As of 2016, only 1.1% of U.S. rooftops had solar panels despite government subsidy support and falling hardware costs. In this paper, I estimate a structural model of the residential solar PV market using new detailed data on seller bids and consumer choices. The results illustrate that search/informational frictions are an important barrier to solar PV adoption for two reasons: (1) installers can charge higher markups and (2) consumers fail to connect with high-quality sellers in the market. Counterfactuals simulations show that solar PV adoption increases by 84% when buyers can solicit additional price quotes through an online platform.
Packing Power: Electricity Storage, Renewable Energy, and Market Design (Available on Request) with Andrew Butters and Gautam Gowrisankaran
Battery storage provides a potentially valuable complement to wind and solar power. Policymakers have recently incentivized and mandated storage as a means to integrate renewable energy and meet climate goals. We seek to understand the complementarity between storage and renewables and the impact of market design on the value of storage. We solve for the optimal dynamic dispatch of a battery operating in the California electricity market between 2015-2019, a period where solar PV generation more than doubled. We find that the potential value of electricity storage increased by more than 25% during that same period. With optimal dispatch, battery storage would be break-even without subsidies or mandates if battery capital costs declined by 38% or renewable energy penetration increased by 13% percentage points. Dispatch data from the existing fleet of batteries suggest that batteries only captured a small share of this value. Storage resources are charging too little during daytime hours when solar generation is high, and are not discharging sufficiently during evening hours when the sun sets. California market mechanisms that do now allow batteries to supply based on their stock of energy lower the value of battery storage by 26% and this gap has been growing over time. Thus, modifications of market bidding rules could significantly reduce the cost of policies that mandate the procurement of storage as a complement to renewables.
Things Remembered: How Drivers Collect and Use Gas Price Information (Available on Request) with Ashley Langer and Shaun Mcrae
From coffee to gasoline, consumers often make recurring purchases without having complete information about current characteristics or how characteristics may have changed since the last time they purchased. In this paper, we use geospatial data on drivers’ travel paths and gasoline purchasing behavior to understand how drivers choose where to stop to purchase gas and to understand driver information acquisition and use. We find that consumers appear to have incomplete information about the set of stations available and the prices that those stations charge. Drivers are more sensitive to prices at stations they have passed before or that are directly on their current route. Perfect information would increase consumer surplus by 6 cents per gallon purchased, but drivers would largely use this information to find better brands or stations that are closer to their routes rather than stations that are less expensive overall. Even conditioning on current prices, drivers use out-of-date or “stale” information on station prices when choosing where to stop. We show that drivers become more price-sensitive when the prices they observe are increasing, suggesting that drivers are loss averse. In ongoing work, we show suggestive evidence that drivers increase their reliance on stale prices when the prices the observe are increasing, which increases their overall price sensitivity particularly for stations farther from their quickest route.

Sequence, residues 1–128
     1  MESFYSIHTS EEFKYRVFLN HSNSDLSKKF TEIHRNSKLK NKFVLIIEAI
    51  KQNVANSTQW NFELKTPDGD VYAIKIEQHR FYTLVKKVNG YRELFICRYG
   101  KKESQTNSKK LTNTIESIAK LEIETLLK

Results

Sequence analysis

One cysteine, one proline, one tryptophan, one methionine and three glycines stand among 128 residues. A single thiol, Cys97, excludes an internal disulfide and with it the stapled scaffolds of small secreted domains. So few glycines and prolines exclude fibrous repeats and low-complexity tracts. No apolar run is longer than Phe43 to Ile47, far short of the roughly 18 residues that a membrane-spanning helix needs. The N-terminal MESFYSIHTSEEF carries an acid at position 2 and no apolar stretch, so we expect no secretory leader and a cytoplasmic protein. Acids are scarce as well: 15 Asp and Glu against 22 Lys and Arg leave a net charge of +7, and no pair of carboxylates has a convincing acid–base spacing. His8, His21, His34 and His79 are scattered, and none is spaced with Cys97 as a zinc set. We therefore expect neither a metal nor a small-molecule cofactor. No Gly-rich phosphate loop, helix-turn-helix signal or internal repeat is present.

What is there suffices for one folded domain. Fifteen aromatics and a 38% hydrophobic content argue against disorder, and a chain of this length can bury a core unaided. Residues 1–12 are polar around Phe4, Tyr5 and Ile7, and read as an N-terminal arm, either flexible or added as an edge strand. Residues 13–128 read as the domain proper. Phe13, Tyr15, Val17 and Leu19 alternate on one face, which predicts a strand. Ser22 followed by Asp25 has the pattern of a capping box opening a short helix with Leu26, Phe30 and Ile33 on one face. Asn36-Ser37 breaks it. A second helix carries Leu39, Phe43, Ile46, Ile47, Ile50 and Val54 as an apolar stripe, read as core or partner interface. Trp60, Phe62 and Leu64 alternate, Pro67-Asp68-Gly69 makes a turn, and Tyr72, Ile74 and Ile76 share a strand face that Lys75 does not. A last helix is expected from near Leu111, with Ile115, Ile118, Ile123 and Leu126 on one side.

Waiting for the Courts: Effects of Policy Uncertainty on Pollution and Investment Environmental & Resource Economics, 2019
Legal challenges and transitions of political power cause the future of regulatory policies to be uncertain. In this article, I investigate how uncertainty about environmental policy affects investment and emissions at coal-fired power plants. I exploit a legal challenge to the Clean Air Interstate Rule (CAIR) that created variation in the probability that individual plants would need to comply with the new policy. I use a difference-in-differences approach to compare pollution reductions at power plants located in states subject to more uncertainty to plants in states that that were not. I find that plants with a lower probability of being regulated invested in fewer capital-intensive pollution controls and reduced pollution by 13% less on average. Many of these plants did switch to capital-intensive pollution controls after the court upheld CAIR. Policy uncertainty increased compliance costs by $124 million by delaying efficient investments.